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  • Bee project may help save African villagers, wildlife

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    Imagine small bees saving the lives of huge elephants in Africa!

    That’s the hope and mission of Andre Gascoigne, son of Richard Edwords of Kamps Propane in Alpine. Gascoigne spent about a month early this summer designing and developing bee boxes in Zambia to keep elephants from being shot while trying to forage on farms.

    The project, which will also help villagers there, is a conservation program of the Nsefu Wildlife Conservation Foundation. Its  U.S. headquarters are in El Cajon.

    “I knew what I wanted to do,” Gascoigne said after returning in mid-July. “It was a pleasant surprise that we were able to accomplish as much as we did.”

    Edwords said his son built the bee box prototype while living in an abandoned ranger building in the poorest place on the African continent. The task was accomplished with homemade tools.

    Gascoigne learned how to make bombs with whatever was available as an explosives expert while he was in the Marines, so he was ready for the African challenge, Edwords said.

    The project was based on the fact that elephants are afraid of bees and 20 years of bee research by Dr. Lucy King in Kenya, said Gascoigne.

    He said Dr. King’s work at three different sites produced a reduced rate of conflict between starving elephants and villagers of up to 80 percent.

    That was crucial, because poachers and hungry villagers trying to protect their crops from elephants losing habitat has led to about 50 elephants killed daily in Zambia, according to those working with the project.

    “There can be injuries or deaths on both sides,” Gascoigne said. “This project reduces the possibility of injuries in the villages and the number of retaliatory parties.”

    He said he was able to get village support to help build boxes to hold bees.

    The boxes will be strung up along fences. Elephants approaching gardens will set off fence trip wires, causing the bees to scare away the elephants, Gascoigne explained.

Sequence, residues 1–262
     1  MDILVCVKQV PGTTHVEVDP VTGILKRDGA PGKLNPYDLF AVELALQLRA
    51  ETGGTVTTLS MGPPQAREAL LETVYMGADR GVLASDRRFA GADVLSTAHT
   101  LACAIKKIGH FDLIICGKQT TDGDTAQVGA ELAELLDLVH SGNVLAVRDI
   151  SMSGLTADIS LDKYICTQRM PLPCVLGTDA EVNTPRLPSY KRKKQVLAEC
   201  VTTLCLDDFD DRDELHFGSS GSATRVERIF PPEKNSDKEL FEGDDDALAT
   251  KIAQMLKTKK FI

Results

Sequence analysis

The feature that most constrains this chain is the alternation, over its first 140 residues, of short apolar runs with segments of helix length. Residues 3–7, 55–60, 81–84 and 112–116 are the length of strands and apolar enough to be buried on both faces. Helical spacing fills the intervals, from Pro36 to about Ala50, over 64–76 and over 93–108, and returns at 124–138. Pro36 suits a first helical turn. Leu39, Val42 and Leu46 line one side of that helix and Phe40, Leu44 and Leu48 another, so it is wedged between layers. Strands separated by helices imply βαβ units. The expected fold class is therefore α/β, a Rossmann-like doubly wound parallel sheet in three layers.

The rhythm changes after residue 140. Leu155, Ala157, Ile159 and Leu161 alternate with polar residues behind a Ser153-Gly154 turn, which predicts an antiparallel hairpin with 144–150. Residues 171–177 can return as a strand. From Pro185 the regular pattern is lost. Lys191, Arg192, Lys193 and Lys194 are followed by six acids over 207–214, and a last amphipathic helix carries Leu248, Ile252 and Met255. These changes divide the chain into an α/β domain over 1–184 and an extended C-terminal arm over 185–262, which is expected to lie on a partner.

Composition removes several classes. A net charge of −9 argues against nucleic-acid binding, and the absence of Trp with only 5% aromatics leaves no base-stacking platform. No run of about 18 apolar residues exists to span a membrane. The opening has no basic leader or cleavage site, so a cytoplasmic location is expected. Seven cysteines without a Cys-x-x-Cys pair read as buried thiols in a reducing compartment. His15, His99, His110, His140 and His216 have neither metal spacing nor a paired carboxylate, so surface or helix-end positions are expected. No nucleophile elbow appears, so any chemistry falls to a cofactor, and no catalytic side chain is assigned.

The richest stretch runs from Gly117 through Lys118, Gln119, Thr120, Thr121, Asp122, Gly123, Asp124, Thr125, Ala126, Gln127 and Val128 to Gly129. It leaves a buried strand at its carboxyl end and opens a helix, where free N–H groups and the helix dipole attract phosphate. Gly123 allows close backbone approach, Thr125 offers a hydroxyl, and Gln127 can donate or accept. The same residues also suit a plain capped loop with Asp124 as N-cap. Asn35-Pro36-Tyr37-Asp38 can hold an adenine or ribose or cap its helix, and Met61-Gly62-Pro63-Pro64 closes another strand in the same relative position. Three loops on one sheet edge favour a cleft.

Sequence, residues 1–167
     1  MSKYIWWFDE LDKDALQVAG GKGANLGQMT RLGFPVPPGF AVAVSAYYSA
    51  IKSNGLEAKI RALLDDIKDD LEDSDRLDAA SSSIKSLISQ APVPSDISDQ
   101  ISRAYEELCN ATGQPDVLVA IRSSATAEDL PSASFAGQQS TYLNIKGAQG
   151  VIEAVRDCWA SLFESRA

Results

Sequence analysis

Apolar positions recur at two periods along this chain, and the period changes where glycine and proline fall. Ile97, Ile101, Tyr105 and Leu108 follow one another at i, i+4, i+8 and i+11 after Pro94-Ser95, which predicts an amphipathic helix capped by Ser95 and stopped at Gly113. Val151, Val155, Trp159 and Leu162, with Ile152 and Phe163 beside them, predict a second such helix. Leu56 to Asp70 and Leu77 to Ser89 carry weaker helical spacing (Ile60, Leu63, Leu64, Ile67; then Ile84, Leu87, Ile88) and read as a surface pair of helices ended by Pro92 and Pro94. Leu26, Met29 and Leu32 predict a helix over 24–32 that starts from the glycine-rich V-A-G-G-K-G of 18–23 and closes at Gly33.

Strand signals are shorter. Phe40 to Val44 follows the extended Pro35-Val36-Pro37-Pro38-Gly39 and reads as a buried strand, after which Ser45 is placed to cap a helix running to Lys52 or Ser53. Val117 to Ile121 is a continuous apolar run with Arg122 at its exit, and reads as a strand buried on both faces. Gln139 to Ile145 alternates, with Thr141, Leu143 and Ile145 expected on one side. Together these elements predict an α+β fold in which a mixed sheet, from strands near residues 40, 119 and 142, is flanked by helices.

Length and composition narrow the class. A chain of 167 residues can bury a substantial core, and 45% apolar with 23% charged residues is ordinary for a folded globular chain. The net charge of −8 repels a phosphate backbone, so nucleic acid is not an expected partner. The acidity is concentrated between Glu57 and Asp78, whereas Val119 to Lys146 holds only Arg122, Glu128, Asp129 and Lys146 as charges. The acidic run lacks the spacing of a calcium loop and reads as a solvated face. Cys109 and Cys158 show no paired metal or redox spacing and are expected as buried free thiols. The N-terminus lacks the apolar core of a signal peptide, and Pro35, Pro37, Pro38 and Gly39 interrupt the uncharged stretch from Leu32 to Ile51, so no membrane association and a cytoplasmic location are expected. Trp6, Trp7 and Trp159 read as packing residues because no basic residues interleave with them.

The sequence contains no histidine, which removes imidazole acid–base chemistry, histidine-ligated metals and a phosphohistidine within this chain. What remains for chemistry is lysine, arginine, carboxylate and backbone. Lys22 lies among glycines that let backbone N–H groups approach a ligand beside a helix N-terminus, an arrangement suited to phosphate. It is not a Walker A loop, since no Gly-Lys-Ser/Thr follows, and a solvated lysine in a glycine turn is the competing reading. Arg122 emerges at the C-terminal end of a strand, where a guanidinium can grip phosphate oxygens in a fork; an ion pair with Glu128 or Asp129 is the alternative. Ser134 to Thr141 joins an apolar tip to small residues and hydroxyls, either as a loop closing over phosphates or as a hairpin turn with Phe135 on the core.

That’s a big step forward for the Nsefu foundation’s goal to protect and preserve Zambia’s wildlife. The foundation also is educating the Nsefu community about the critical importance of the environment and ecology.

    “We’re 100 percent donor-based,” said Coe Lewis, a San Diego radio personality who helped found the organization, “We’re all volunteers on the U.S. side.”

    Lewis said they knew they had to tackle the elephant poaching issue and win over villagers.

    “We’re giving them (residents) a chance to learn a skill (beekeeping), earn a living and bring about economic stability in the region,” Lewis said. “You are helping both villagers and the elephants.”

    The beekeeping project, she said, will be a source of consistent income for local people trained to be beekeepers and there is already a buyer for all the honey produced.

    Edwords, who is a beekeeper as well as an Ambassador for the Alpine Mountain Empire, taught his son about beekeeping when Gascoigne was a child.

    Gascoigne, a Humboldt State University student, said he now plans to become a conservationist rather than a ranger warden.

    “I hope to go back in a year or two to continue the project,” he said. “We’re going to add reforestation efforts and try to improve the quality of life for the bees.”

    (Photos courtesy of Nsefu Wildlife Conservation Foundation Project)